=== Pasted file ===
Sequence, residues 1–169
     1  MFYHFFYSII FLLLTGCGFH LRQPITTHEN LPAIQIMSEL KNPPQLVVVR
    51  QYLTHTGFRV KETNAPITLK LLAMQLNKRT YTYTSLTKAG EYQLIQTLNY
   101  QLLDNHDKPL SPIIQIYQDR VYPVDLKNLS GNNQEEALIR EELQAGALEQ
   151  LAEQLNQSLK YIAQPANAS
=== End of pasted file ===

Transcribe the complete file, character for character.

Sequence, residues 1–169
     1  MFYHFFYSII FLLLTGCGFH LRQPITTHEN LPAIQIMSEL KNPPQLVVVR
    51  QYLTHTGFRV KETNAPITLK LLAMQLNKRT YTYTSLTKAG EYQLIQTLNY
   101  QLLDNHDKPL SPIIQIYQDR VYPVDLKNLS GNNQEEALIR EELQAGALEQ
   151  LAEQLNQSLK YIAQPANAS